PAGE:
general assessment: system was once one of the best in Africa, but now suffers from poor maintenance; more than 100,000 outstanding requests for connection despite an equally large number of installed but unused main lines
domestic: consists of microwave radio relay links, open-wire lines, radiotelephone communication stations, fixed wireless local loop installations, and a substantial mobile cellular network; Internet connection is available in Harare and planned for all major towns and for some of the smaller ones
international: country code - 263; satellite earth stations - 2 Intelsat; 2 international digital gateway exchanges (in Harare and Gweru)

Radio broadcast stations

AM 7, FM 20 (plus 17 repeater stations), shortwave 1 (1998)

Television broadcast stations

16 (1997)

Internet country code

.zw

Internet hosts

7,954 (2006)

Internet users

1.22 million (2006)

Transportation - Zimbabwe:

Airports

403 (2006)

Airports with paved runways

total: 17
over 3,047 m: 3
2,438 to 3,047 m: 2
1,524 to 2,437 m: 4
914 to 1,523 m: 8 (2006)

Airports with unpaved runways

total: 386
1,524 to 2,437 m: 5
914 to 1,523 m: 187
under 914 m: 194 (2006)

Pipelines

refined products 261 km (2006)

Railways

total: 3,077 km
narrow gauge: 3,077 km 1.067-m gauge (313 km electrified) (2006)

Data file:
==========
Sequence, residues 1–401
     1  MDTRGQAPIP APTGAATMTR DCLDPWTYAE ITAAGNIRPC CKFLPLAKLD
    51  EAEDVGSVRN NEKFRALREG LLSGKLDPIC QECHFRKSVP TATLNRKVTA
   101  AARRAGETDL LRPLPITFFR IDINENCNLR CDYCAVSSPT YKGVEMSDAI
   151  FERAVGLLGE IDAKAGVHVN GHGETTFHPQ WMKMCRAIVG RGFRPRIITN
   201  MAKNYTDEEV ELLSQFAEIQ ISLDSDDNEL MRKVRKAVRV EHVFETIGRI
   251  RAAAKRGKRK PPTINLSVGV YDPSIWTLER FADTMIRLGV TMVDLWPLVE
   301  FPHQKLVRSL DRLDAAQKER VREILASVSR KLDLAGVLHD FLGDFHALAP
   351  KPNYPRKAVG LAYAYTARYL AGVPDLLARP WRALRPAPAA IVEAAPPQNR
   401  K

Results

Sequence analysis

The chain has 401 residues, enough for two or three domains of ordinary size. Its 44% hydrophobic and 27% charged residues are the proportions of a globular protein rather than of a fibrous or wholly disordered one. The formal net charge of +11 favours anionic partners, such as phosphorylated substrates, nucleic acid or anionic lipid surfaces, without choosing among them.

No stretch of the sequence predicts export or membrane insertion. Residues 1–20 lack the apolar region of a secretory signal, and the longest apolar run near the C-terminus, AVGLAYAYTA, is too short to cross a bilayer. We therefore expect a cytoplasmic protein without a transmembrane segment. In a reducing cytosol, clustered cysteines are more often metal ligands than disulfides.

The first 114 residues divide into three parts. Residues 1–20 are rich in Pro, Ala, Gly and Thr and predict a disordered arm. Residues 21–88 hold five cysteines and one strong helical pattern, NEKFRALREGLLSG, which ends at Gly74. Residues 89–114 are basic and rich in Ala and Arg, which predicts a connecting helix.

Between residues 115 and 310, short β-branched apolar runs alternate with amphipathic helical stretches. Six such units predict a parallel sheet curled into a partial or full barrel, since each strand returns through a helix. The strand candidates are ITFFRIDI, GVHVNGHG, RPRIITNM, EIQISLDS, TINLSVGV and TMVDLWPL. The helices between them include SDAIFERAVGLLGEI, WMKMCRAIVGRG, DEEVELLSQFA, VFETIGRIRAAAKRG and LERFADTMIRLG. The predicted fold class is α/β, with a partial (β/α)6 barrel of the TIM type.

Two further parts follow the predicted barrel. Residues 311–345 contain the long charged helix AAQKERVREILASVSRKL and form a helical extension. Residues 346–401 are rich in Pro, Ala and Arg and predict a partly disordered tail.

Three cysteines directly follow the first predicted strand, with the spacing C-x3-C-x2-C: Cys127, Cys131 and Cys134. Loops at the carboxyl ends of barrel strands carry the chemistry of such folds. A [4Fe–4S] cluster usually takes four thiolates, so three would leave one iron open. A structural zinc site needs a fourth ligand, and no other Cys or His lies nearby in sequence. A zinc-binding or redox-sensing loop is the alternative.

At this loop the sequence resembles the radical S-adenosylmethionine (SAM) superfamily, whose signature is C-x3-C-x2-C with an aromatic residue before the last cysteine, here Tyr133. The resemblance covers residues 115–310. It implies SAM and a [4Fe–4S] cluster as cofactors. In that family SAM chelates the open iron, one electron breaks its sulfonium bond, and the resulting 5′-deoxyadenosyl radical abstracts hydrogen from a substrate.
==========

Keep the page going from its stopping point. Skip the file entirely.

Roadways

total: 97,440 km
paved: 18,514 km
unpaved: 78,926 km (2002)

Waterways

on Lake Kariba (2005)

Ports and terminals

Binga, Kariba

Military - Zimbabwe:

Military branches

Zimbabwe Defense Forces (ZDF): Zimbabwe National Army, Air Force of Zimbabwe (AFZ), Zimbabwe Republic Police (2005)

Military service age and obligation

18-24 years of age for compulsory military service; women are eligible to serve (2007)

Manpower available for military service

males age 18-49: 2,778,404
females age 18-49: 2,681,531 (2005 est.)

Manpower fit for military service

males age 18-49: 1,304,424
females age 18-49: 1,115,096 (2005 est.)

Refugees and internally displaced persons

refugees (country of origin): 6,536 (Democratic Republic of Congo)
IDPs: 569,685 (MUGABE-led political violence, human rights violations, land reform, and economic collapse) (2006)

Military expenditures percent of gdp

3.8% (2006)

Disputes international

Botswana built electric fences and South Africa has placed military along the border to stem the flow of thousands of Zimbabweans fleeing to find work and escape political persecution; Namibia has supported, and in 2004 Zimbabwe dropped objections to, plans between Botswana and Zambia to build a bridge over the Zambezi River, thereby de facto recognizing a short, but not clearly delimited, Botswana-Zambia boundary in the river

This page was last updated on 16 September, 2007
Source: CIA >>>